Maybe I’m just old fashioned, but you don’t hit your wife. That’s disgusting. Anthony had apologized afterward and she felt he was sincere, but then he pulled away once more. Perhaps the thought had came into his mind then. Kill his wife, burn down the house, take all the insurance money while destroying any evidence of his thefts.
I went digging, delved right into the darkness that was Anthony. He hadn’t been a firefighter for about four months by the time Heidi came to me, lying all this time about his occupation. His time were now spent at high class establishments, I managed to sneak in there myself and found out that Anthony had become a gambling man. Once he was a frugal man who hadn’t even played the slots when he was in Vegas for a friend’s bachelor party. Now he was running games in the shadiest kinds of places.
And he was winning a lot too. Unnaturally so. Money poured in and he started a side business of running bets for just about any sport one could think of. Anyone who bet against Anthony was doomed to lose, but there was one guy who didn’t get the memo.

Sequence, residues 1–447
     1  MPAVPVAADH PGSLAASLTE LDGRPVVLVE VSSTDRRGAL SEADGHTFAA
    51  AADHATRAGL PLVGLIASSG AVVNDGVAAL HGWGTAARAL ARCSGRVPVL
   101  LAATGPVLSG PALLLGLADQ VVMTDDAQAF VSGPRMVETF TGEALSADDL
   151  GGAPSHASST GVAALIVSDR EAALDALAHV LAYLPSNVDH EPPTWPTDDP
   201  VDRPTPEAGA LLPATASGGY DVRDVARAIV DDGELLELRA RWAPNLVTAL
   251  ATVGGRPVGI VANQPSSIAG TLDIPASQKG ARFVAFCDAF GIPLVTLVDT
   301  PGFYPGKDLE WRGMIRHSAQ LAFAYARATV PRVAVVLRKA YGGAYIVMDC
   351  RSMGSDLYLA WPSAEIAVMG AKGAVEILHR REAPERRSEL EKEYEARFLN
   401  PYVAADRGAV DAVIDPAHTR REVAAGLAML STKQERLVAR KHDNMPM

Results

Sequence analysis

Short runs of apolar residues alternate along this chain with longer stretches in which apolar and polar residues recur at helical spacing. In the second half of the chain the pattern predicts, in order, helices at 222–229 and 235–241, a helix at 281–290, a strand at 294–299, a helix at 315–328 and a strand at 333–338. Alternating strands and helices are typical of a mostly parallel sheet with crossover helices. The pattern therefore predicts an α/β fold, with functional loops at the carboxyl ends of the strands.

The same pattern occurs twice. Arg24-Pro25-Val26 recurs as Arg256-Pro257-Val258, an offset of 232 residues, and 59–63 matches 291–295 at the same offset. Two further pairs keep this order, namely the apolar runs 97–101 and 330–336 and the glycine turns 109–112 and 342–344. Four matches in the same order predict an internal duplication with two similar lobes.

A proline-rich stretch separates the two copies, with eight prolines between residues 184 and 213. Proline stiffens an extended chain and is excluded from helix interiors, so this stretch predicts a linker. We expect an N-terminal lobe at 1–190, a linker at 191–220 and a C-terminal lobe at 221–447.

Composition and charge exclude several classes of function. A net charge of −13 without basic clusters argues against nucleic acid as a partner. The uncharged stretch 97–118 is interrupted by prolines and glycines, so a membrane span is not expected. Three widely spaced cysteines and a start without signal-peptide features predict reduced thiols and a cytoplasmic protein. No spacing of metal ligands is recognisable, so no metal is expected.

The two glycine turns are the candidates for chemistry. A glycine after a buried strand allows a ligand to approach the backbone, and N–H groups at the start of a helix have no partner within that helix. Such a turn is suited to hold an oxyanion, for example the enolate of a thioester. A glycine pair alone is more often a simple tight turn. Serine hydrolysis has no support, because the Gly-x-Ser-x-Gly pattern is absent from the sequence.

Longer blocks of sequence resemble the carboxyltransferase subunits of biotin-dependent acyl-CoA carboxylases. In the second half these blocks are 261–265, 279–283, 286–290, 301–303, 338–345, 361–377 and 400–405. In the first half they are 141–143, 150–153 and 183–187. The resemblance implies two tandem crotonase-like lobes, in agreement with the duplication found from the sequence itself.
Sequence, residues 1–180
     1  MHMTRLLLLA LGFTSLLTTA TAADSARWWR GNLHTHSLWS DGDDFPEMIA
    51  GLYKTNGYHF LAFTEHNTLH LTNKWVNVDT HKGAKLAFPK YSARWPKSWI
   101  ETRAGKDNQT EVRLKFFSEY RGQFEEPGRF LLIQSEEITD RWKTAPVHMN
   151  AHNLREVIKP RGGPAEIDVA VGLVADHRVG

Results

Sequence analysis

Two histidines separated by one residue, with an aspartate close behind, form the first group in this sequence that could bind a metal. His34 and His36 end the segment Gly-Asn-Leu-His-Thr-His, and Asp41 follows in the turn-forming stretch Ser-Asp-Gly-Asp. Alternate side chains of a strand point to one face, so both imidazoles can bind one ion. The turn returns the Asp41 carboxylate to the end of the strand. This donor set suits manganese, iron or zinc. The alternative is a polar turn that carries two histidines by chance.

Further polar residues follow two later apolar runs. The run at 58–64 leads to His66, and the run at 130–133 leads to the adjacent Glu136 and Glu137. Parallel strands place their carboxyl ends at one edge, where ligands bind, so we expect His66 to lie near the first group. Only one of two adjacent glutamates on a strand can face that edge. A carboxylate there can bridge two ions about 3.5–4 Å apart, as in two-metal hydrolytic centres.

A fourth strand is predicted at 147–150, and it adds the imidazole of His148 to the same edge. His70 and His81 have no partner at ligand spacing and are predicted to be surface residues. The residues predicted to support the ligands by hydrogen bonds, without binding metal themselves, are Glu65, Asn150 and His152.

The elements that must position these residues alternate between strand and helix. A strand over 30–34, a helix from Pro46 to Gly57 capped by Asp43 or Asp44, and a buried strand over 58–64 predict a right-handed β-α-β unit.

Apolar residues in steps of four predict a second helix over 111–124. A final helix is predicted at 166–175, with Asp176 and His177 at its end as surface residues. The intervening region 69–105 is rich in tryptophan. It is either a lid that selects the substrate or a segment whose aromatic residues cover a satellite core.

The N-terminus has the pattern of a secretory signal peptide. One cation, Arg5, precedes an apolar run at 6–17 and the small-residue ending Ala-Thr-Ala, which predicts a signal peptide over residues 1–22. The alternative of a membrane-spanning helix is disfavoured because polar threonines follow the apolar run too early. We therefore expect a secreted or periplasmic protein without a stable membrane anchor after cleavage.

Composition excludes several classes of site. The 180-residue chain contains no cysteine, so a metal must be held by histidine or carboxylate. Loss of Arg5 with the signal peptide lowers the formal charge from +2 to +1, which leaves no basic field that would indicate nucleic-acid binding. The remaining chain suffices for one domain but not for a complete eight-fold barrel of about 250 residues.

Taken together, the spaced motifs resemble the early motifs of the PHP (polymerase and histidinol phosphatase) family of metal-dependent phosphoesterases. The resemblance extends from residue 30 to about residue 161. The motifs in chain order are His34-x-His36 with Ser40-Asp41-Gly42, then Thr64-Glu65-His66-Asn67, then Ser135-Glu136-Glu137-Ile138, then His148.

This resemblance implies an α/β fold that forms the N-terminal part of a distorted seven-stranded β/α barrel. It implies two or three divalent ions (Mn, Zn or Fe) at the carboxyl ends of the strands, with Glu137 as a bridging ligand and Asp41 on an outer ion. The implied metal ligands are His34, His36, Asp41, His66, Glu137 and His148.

His name was Charlie Cooper. Charlie had actually won the lottery about two years before this, but by now he’d become a washed up drunk. Not anything I hadn’t heard before. But Charlie was already shit at gambling it didn’t help that Anthony just had this bizarre run of luck.
Charlie had checked into the emergency room six times since Anthony became his bookie. Broken thumb, snapped wrist, one time he’d come in looking like he’d taken up being a boxer’s punching bag for a night. He never said what happened to him, only that he’d ‘gotten into a fight’ or that ‘it was just an accident’.
I went to find Charlie, I knew what it looked like when someone wasn’t paying his bets.
Charlie was gone.
His landlord hadn’t seen him in a week. All his typical haunts showed no sign of the pudgy man with a bad comb over. I even checked the drunk tank at lock up, maybe I’d just kept missing him and he was cooling his heels in there. Nope.